Invite the World to Dinner
Jo Elwin takes a seat at the greatest dinner party Australia has ever seen, with an extraordinary menu created by three of the country’s iconic chefs.
An invitation to dinner at my place always comes with the word casual in it. Formal dinner parties, and the pressure I put on myself ensuring that they are absolutely perfect, are far too stressful. However, a dinner I attended in Australia last year has had a huge impact on me and it has helped me put dinner parties into perspective. The event, hosted by Tourism Australia, was called Invite the World to Dinner, which from here on it will be referred to as ITWTD. Let’s start at the beginning:
A successful dinner party relies on the right mix of people. Hard enough choosing six? Try 250! Tourism Australia wanted to showcase Australian food and wine to the world so they literally invited the world, via 80 food influencers from 16 countries. We food and wine writers and journalists, chefs, sommeliers, bloggers and broadcast celebrities, joined Australian gastronomic VIPs (yes Maggie Beer; yes Stephanie Alexander, yes Gary, George and Matt…Preston and Moran) and food and wine producers.
If you have a separate dining room, a dinner party would be one of few times you would use it. If your dining area is open plan, it would be dressed up and mood-lit to formalise things. Where, in the whole of Australia, with all its unique wonders would you choose to hold such a special dinner? MONA — David Walsh’s extraordinarily outstanding Museum of Old and New Art in Hobart.
Anyone can dine at one of many eateries at MONA but on this occasion we dine where you cannot — in the Nolan Gallery surrounded by the 1620 individual paintings that make up Sidney Nolan’s snake. To dine at, Kirsha Kaechele, wife of David Walsh, has created a unique serpent-shaped table, its glass sections filled with natural Australian elements, including half a million dollars worth of opals on loan from Lightning Ridge Opal Mines.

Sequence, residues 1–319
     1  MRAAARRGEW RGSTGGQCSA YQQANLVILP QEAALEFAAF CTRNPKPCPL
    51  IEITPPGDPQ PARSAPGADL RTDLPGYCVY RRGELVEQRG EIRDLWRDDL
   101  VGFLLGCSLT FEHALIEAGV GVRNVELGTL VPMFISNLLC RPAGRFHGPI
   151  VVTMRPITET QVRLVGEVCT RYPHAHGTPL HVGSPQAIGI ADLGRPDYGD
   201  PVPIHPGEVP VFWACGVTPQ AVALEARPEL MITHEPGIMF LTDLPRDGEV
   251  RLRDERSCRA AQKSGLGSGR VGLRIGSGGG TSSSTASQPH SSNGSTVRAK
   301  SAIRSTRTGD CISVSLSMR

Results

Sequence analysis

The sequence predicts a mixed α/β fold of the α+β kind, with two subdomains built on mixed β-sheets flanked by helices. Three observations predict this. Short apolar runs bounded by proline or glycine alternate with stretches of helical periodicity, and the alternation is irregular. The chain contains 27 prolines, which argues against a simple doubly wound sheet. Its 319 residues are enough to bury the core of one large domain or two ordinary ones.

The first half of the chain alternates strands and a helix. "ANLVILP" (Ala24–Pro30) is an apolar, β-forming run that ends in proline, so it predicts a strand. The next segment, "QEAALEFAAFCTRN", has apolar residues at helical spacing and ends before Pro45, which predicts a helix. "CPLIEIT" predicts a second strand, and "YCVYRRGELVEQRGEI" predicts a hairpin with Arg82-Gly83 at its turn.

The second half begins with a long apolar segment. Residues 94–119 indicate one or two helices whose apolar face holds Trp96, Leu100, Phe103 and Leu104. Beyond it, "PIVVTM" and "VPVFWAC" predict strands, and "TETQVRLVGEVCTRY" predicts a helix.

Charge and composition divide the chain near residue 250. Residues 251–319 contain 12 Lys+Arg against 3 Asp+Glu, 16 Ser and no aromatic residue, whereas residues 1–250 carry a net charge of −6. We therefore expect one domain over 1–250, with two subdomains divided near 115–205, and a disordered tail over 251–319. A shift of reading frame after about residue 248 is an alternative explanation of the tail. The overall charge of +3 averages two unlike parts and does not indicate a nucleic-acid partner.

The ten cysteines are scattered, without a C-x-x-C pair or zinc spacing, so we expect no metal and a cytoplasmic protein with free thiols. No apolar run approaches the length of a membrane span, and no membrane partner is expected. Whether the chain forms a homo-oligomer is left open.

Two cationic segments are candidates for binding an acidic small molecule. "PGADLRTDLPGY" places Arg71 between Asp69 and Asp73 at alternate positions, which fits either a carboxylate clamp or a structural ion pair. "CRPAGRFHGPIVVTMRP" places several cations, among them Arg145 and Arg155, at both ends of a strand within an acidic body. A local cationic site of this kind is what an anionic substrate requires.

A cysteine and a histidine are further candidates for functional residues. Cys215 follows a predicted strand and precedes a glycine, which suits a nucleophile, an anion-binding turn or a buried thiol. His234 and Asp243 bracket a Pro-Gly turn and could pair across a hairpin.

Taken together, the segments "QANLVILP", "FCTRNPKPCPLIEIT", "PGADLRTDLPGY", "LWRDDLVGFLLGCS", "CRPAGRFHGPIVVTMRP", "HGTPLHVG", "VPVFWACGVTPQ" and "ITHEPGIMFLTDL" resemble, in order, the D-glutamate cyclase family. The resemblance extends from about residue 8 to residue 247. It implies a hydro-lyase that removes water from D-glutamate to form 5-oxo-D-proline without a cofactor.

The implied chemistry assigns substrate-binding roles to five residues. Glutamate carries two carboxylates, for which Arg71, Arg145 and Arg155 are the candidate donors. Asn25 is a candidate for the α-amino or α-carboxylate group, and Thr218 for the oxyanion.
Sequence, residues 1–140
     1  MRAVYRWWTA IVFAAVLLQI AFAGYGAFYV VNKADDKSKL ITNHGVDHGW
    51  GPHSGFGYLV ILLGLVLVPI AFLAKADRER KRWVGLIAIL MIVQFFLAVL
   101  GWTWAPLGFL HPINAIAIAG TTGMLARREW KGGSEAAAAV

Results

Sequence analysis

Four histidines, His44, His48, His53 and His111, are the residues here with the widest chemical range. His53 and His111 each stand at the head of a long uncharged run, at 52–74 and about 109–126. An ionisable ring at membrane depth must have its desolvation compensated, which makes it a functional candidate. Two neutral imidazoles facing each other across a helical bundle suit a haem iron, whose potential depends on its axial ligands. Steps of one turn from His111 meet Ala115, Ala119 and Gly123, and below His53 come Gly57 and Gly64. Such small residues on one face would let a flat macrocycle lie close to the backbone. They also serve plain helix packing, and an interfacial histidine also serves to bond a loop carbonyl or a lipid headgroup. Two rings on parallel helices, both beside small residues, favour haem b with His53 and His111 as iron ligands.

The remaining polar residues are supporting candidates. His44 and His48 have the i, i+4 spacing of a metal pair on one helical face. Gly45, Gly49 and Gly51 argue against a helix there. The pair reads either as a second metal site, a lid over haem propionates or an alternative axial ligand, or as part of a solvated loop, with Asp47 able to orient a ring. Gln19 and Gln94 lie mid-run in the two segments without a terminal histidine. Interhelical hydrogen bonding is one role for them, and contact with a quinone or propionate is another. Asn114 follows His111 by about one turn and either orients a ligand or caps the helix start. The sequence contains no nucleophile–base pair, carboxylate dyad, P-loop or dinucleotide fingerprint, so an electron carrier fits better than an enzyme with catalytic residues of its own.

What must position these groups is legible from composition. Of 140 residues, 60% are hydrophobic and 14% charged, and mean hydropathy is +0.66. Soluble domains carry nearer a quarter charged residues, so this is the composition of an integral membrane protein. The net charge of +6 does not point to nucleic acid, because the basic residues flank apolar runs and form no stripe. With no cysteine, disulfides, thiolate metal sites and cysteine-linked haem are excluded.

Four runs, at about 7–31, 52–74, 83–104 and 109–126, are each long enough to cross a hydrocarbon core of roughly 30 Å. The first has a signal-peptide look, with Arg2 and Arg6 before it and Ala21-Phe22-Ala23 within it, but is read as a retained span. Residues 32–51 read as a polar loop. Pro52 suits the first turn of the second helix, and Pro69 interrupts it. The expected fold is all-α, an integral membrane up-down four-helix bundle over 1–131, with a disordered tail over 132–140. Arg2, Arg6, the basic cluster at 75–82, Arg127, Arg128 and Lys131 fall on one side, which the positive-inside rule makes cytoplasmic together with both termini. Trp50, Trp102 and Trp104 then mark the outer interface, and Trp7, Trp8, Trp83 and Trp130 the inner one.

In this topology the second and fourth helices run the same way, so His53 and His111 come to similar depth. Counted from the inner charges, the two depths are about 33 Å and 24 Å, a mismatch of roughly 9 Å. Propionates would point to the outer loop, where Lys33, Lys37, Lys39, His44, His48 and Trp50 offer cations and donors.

At home you would be showcasing your own culinary skills using recipes created by many of New Zealand’s finest chefs and food writers, sourced from the pages of Bite. The ITWTD menu was created and cooked by three icons of Australian food — Neil Perry of Rockpool, Taranaki boy Ben Shewry of Attica and Peter Gilmore of Quay — supported by teams of about 30 other chefs, brought in from their restaurants to work alongside those from MONA.
Earth, fire water
- King George whiting in paperbark (pictured below)
- Grilled baby corn with forest anise
- Charcoal-grilled West Australian marron with wasabi butter
- Roasted wallaby tail broth
- Wood-roast Tasmania lobster with kombu butter
- Charcoal grilled Tasmanian abalone with liver, sake and mirin dressing
Art & produce
Salted South Australian red kangaroo and bunya bunya (pictured below)
Smoked and confit pig jowl, black lipped abalone, koji, fermented grains, shiitake, seaweed (pictured below)
Grilled sirloin, braised cheek, oxtail and tea smoked oyster red curry (pictured below)
Sweet & sticky
- The Great Australian ice-cream cart
- Blue wren eggs (pictured further below)
- Fresh lychee, vanilla, rose, coconut
- Prune, salted caramel, jersey cream
- Date tart (pictured)
- Mango, pandan and coconut
For a small amount of cash, the odd student or two is a god send to help serve, clear and clean at a home dinner party. For ITWTD no less than 100 experienced waitstaff, managed by Neil Perry’s daughter Josephine, were employed to ensure that each perfectly crafted dish reached its diner in peak condition.